Iran cancels after Austria refuses to ban protest

The Local Austria
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Iran cancels after Austria refuses to ban protest
Photo: Meghdad Madadi/Creative Commons

A trip by the Iranian President to Vienna was cancelled this week after Austria refused to carry out Iran’s request to shut down an anti-regime protest, according to media sources.


The Austrian President had said that Iran had cancelled the trip planned for March 30th and 31st due to security concerns, although the Interior Ministry has since said there were “no signs of a threat”. 

Reports in Iranian media suggested that President Hassan Rouhani's trip had been postponed until better conditions could be created.

It has since emerged that Iran had tried to insist Austria ban an anti-Iranian regime demonstration that had been due to take place on Wednesday, according to Austria’s Die Presse newspaper, citing diplomatic sources.

The protest had been organised by the Human Rights Centre for Victims of Fundamentalism, in support of several Iran opposition groups.

Speaking to The Local, Shahin Gobadi from the Foreign Affairs Committee of the National Council of Resistance of Iran (NCRI) said the planned protest could be one of several reasons for the cancellation.

“It could be the result of the concern that the trip heightened the international contempt of the regime’s conduct,” he said. 

"Our planned demonstration could have had that effect. Another reason could be factional infighting in Iran. There was also the fact that Austria’s President had said in an interview before the trip that Tehran cannot expect sanctions to be lifted straight away.”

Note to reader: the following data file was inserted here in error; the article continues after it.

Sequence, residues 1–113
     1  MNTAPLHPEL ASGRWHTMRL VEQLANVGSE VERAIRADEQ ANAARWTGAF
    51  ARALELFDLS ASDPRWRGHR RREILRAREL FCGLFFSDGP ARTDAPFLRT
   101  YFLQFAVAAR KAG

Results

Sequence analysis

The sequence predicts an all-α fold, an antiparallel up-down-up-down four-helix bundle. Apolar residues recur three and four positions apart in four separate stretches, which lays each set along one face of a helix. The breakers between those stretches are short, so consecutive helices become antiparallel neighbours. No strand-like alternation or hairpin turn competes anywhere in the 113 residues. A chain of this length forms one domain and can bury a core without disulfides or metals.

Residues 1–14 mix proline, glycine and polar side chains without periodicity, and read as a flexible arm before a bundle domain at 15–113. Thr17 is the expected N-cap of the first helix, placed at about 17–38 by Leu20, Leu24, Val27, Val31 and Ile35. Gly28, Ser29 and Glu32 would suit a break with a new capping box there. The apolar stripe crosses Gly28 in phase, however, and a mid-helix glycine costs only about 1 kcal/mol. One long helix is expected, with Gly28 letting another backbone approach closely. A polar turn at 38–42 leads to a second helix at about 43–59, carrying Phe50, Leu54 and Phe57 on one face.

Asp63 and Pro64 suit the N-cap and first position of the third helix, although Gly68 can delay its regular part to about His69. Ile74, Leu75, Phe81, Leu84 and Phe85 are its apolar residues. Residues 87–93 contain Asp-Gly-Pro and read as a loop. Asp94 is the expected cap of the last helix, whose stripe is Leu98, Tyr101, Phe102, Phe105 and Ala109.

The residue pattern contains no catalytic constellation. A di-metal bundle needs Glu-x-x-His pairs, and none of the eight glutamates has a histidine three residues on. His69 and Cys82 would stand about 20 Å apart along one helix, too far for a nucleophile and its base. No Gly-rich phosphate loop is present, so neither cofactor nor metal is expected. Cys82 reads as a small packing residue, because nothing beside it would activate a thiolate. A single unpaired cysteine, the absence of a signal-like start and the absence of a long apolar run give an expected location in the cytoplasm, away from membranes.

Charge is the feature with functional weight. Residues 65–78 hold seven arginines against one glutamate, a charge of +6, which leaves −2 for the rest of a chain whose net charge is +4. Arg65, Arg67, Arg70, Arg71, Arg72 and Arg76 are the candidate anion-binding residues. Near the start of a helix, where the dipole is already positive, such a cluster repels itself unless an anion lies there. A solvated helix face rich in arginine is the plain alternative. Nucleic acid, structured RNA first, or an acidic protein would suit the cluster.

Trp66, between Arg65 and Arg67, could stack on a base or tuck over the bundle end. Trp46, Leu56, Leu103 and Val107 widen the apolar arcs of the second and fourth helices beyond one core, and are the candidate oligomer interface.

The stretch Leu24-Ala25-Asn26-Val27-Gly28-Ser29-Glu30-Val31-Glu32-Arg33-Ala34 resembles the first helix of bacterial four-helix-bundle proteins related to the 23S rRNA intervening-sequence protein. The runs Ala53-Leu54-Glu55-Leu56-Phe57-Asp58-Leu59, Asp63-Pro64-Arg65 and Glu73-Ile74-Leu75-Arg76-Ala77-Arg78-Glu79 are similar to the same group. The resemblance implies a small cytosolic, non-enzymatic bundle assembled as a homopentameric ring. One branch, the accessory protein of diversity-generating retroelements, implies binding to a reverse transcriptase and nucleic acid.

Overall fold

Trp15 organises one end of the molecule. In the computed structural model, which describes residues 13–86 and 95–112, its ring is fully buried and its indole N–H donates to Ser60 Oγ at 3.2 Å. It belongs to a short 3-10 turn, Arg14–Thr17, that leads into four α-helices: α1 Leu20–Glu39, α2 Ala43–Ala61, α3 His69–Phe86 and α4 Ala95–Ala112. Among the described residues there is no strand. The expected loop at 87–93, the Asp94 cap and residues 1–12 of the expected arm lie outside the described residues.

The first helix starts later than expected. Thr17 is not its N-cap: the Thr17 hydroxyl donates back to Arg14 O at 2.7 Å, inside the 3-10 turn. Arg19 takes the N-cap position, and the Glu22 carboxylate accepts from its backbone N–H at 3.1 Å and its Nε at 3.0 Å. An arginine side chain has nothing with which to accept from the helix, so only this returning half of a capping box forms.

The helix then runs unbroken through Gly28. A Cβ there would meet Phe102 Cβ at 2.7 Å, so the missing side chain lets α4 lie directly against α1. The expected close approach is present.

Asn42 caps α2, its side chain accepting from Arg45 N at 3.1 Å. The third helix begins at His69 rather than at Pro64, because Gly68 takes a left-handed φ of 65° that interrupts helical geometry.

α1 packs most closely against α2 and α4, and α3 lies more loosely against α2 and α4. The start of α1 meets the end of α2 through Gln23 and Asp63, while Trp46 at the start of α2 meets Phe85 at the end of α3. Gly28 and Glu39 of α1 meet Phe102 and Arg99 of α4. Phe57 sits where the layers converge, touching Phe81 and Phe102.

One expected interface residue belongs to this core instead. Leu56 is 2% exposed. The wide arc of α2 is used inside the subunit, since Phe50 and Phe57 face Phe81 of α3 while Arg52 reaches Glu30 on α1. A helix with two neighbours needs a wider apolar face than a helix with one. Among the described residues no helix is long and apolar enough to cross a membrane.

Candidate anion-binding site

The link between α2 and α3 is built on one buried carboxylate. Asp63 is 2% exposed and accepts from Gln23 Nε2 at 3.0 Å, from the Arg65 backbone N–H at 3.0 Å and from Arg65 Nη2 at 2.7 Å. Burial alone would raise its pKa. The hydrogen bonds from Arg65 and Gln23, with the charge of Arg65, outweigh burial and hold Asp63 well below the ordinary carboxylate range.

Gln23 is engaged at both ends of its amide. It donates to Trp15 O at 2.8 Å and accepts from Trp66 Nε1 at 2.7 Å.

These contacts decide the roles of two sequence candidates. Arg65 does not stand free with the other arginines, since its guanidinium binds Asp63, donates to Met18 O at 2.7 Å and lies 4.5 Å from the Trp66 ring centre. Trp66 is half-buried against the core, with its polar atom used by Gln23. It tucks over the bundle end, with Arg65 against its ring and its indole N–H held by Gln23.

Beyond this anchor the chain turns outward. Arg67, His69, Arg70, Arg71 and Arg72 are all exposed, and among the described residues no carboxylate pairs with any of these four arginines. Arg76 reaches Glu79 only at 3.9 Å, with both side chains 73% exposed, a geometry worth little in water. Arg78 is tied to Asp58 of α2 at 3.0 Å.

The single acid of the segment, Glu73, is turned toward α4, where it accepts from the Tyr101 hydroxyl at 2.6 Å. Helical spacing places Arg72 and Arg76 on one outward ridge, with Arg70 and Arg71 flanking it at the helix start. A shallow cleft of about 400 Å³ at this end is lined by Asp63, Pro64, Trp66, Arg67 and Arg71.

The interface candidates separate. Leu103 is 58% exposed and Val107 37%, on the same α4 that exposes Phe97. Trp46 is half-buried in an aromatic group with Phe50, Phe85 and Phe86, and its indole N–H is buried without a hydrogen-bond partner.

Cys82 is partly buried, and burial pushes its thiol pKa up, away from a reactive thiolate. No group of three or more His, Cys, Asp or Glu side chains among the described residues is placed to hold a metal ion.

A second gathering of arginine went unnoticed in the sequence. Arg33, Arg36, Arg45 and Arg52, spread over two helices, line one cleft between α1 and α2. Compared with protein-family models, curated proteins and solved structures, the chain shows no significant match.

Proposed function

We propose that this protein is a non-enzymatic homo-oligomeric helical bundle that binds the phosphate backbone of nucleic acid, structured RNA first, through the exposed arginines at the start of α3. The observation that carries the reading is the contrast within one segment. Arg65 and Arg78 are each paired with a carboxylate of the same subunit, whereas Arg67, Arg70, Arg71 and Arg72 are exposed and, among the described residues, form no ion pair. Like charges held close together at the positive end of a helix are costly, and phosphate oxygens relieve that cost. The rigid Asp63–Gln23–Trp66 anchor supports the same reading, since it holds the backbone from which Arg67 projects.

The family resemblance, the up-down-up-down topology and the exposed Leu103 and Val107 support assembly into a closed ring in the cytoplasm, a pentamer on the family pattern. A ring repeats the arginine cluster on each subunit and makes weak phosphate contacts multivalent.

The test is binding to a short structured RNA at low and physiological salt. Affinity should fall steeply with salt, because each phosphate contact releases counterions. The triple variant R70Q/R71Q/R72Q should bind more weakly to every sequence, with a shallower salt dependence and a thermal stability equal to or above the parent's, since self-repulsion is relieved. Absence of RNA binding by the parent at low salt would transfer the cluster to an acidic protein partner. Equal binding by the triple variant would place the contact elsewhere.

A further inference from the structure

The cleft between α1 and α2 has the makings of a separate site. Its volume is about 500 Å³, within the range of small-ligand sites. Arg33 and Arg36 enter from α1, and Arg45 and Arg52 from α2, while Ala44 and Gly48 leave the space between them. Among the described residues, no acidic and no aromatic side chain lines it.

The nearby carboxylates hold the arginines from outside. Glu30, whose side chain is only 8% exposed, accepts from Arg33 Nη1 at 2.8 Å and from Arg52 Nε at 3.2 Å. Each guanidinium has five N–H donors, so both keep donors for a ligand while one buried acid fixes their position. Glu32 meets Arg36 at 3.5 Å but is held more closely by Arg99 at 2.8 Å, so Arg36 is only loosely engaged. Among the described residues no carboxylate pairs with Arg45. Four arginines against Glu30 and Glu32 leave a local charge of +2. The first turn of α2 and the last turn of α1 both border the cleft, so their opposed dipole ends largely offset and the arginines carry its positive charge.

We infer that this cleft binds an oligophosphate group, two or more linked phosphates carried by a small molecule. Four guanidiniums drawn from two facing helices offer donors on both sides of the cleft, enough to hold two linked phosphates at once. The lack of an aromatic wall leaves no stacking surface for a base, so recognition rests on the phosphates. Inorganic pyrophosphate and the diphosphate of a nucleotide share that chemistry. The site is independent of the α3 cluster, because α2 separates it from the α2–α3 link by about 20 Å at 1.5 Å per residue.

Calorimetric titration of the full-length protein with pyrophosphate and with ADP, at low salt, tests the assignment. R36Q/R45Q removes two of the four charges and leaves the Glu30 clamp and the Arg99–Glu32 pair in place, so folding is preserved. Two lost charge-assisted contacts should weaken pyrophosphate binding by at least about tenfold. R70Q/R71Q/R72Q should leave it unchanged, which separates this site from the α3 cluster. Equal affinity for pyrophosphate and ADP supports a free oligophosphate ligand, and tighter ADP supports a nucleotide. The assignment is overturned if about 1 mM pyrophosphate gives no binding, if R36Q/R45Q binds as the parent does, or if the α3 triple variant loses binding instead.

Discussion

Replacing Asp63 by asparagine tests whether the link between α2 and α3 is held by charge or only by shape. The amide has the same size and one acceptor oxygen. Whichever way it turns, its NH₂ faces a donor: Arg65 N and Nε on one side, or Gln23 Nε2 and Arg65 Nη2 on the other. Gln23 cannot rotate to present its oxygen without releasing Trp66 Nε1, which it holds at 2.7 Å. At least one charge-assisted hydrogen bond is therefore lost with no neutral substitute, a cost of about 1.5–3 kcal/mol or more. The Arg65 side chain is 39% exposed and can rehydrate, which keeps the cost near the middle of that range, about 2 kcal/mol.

He added that although the NCRI welcomes the postponement of the trip, they believe the right approach would be to call it off permanently.

“It only emboldens the regime with its deplorable policies on issues such as human rights and its support of the Assad-led Syrian regime,” he said.

In a statement, NCRI says Rouhani’s record as President includes more than 2,300 executions which he describes as “divine orders”, as well as the export of terrorism and fundamentalism to the region.

Gobadi says that any improvement to Austria’s relationship with Iran must include public conversations about these issues.

“We would prefer it to be called off but for any other trips of this nature, the receiving government should put these issues to the public beforehand. The human rights problems, the executions, the support of the Syrian regime, these [matters] have to be addressed publicly,” he said.



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